Why American Capital Agency Is a Long-Term Winner
Anything can happen in this market. The year 2013 saw the mortgage real estate investment trusts (mREITs) just get creamed. That said, thus far 2014 is telling a different story. The mREITs are showing some signs of life. Now, I realize that anything can happen to quickly derail this momentum; a natural disaster in the U.S. could send global markets spiraling. Continued mediocre earnings from individual companies could send entire sectors into the red and take your investment value right down with it. Not so hot economic data could weigh big time on the markets. Another rapid rise in interest rates could be detrimental to stocks. But as things stand right now, I question whether one of the bellwethers in the space, American Capital Agency (NASDAQ:AGNC), is a buy at these levels.
Time Is on Your Side
The plain fact is that American Capital Agency has been paying a strong dividend since its inception. Many of my readers who have asked me for advice often cite that they bought in and held strong since 2010 or 2011 when these stocks were first widely being recommended. If you are holding after all of this, remember that any losses are on paper. Why did you buy American Capital Agency? I imagine it was to collect the dividend. Let’s see where someone is who purchased in June 2010 at $27.00 (table 1.)
Table 1. American Capital Agency’s Common Stock Dividend History, Dividends Paid Since June 2010.
|Ex Dividend Date||Date Paid||Dividend Amount||Cumulative Amount Paid|
Power of the Dividend
As you can clearly see, American Capital Agency has paid bountiful dividends for the last three and a half years. The dividend now being at $0.65 is obviously at the lowest it has been since the hypothetical investor purchased. What this illustration is going to show is the strength of holding a high dividend payer through all the ups and downs. The investor who bought in at $27.00 during June 2010 may represent many of those currently reading this article. Let’s assume they purchased shares once, not adding to declines or reinvesting any dividends (although most of you probably would have added on a big decline or two.) Thus, as of the current share price of $23.20, this person would be down $3.80 or 14 percent. That would be a disappointment after three and a half years, no doubt. But what if we factor in those dividends?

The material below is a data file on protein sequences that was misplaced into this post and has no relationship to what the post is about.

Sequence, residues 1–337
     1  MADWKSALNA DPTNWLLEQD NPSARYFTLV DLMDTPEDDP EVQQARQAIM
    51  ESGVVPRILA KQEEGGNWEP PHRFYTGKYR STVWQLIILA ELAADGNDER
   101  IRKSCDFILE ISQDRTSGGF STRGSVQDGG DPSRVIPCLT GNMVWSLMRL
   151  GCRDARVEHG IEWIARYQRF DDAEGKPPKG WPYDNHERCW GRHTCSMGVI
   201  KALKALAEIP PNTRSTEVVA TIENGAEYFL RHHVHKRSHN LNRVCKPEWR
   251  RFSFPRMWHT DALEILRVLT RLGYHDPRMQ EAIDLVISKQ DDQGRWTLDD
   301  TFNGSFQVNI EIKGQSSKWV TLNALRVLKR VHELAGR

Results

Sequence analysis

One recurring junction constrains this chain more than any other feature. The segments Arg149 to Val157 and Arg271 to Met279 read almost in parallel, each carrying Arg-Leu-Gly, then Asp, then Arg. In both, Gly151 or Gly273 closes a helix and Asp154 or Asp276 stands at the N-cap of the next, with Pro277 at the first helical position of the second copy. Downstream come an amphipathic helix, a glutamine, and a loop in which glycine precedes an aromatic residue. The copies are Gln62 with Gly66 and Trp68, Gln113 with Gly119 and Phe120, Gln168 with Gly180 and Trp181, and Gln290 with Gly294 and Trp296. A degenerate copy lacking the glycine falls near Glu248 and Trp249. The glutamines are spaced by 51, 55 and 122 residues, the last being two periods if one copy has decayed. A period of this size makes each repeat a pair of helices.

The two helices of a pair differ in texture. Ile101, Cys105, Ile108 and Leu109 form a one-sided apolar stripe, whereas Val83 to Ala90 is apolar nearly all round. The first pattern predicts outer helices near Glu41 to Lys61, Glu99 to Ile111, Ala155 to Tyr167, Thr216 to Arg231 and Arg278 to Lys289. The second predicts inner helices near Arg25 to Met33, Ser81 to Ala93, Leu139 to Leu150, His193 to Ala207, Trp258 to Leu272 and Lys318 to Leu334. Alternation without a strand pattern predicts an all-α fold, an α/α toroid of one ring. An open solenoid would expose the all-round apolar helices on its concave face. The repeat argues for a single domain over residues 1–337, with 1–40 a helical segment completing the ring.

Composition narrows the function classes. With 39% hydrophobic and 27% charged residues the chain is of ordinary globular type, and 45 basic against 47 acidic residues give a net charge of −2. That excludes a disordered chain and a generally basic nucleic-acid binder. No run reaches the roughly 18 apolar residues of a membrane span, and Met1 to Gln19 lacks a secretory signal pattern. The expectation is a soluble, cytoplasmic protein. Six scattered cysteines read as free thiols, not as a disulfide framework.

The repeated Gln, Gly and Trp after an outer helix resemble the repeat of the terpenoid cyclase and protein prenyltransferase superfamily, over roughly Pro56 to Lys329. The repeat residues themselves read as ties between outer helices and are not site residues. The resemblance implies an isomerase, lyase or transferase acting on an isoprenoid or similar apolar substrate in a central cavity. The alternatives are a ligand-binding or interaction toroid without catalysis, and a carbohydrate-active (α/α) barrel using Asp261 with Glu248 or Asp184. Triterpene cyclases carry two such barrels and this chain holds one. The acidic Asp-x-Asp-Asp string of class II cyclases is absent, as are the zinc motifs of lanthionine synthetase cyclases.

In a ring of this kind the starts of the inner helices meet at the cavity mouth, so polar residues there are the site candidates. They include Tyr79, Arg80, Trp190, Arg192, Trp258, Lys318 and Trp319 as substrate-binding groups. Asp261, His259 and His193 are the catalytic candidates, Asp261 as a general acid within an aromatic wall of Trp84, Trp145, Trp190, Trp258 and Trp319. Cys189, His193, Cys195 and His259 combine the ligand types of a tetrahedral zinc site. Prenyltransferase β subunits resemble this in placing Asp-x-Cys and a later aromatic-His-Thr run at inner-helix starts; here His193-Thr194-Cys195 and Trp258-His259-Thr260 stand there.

The dividends paid total $19.20. Therefore, the 2010 buyer is actually up $15.40 per share if they were to sell now, ringing in a gain of 57 percent. The only way this changes is if the share prices dropped another $15.40. Assuming this is highly unlikely all future dividends are gains.
Now, chances are that American Capital Agency won’t stay depressed for long. In fact, shares are on their way higher in 2014, up about 13 percent on the year. When the shares eventually rebound because of the power of the dividends, large gains will be had. Everyone who bought in prior to this and collected earlier dividends is likely up nicely. This example isn’t all that fair, because most buyers should build a position on the way down, so most gains are probably substantially higher. While the disappointment of a lower share price from where you may have bought and being paid less to wait for a rebound is not easy to stomach, you can either get out with a gain, or hold and collect more dividends while waiting for the rebound. If you are on the side lines, then you are definitely in a position where a buy is tempting. You have missed the decline and have a chance to secure dividends and potential capital gains.
Disclosure : Christopher F. Davis is long American Capital Agency